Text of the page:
New Paper Introduces a Coupled Approach to Monitoring Biodiversity Impact

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A new research paper titled ‘Coupling Remote Sensing and eDNA to Monitor Environmental Impact’ published in PLOS ONE lays out a coupled approach using remote sensing and environmental DNA (eDNA) analysis to monitor projects’ environmental impact. Led by a team of experts from Spatial Informatics Group (SIG) and the Alliance of Bioversity International and CIAT, the research was carried out in collaboration with the Instituto de Manejo e Certificação Florestal e Agrícola (IMAFLORA), and the University of Salford, under the Catalyzing and Learning through Private Sector Engagement for Biodiversity Conservation (CAL-PSE) program, a strategic partnership between USAID, Brazil, and the Alliance, with support from SERVIR Amazonia.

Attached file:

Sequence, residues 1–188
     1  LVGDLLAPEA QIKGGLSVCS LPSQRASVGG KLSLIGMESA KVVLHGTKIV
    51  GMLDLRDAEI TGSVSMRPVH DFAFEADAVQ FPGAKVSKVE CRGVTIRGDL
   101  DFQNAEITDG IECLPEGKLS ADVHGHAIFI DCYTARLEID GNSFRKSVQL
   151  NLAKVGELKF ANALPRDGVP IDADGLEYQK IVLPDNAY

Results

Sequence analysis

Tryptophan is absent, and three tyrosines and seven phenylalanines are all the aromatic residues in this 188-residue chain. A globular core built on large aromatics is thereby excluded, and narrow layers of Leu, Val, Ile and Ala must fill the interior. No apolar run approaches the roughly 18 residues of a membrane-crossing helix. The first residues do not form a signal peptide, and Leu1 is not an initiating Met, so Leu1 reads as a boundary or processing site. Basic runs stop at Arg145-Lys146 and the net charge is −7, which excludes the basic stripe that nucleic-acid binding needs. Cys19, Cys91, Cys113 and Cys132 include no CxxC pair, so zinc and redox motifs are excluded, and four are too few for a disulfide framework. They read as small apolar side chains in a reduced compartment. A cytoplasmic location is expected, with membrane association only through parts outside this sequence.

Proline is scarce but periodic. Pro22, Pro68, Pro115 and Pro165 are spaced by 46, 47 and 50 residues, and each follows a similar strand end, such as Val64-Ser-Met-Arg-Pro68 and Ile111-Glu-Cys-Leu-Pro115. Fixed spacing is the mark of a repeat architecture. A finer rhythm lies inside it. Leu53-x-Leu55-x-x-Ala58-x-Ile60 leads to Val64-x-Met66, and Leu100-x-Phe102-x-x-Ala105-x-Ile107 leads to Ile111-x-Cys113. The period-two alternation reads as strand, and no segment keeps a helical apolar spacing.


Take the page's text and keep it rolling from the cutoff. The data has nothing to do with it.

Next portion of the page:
A coupled approach of using remote sensing and eDNA analysis offers many benefits as an alternative to traditional environmental monitoring methods, including that it collects environmental information from diverse sources in a timely manner, is replicable and comparable over time, and is more affordable than alternative methods such as forest surveys. Remote sensing uses satellite imagery to understand processes occurring on the Earth’s surface, while eDNA uses environmental samples to understand which organisms or taxonomic groups are present in an area. Lead author Dr. Karen Dyson notes, “Coupling the two technologies allows for both wall-to-wall coverage from remote sensing and the site-specific community composition from eDNA. Together, these methods can be used to calculate diverse sets of indicators for monitoring sustainable agriculture projects and other interventions.”

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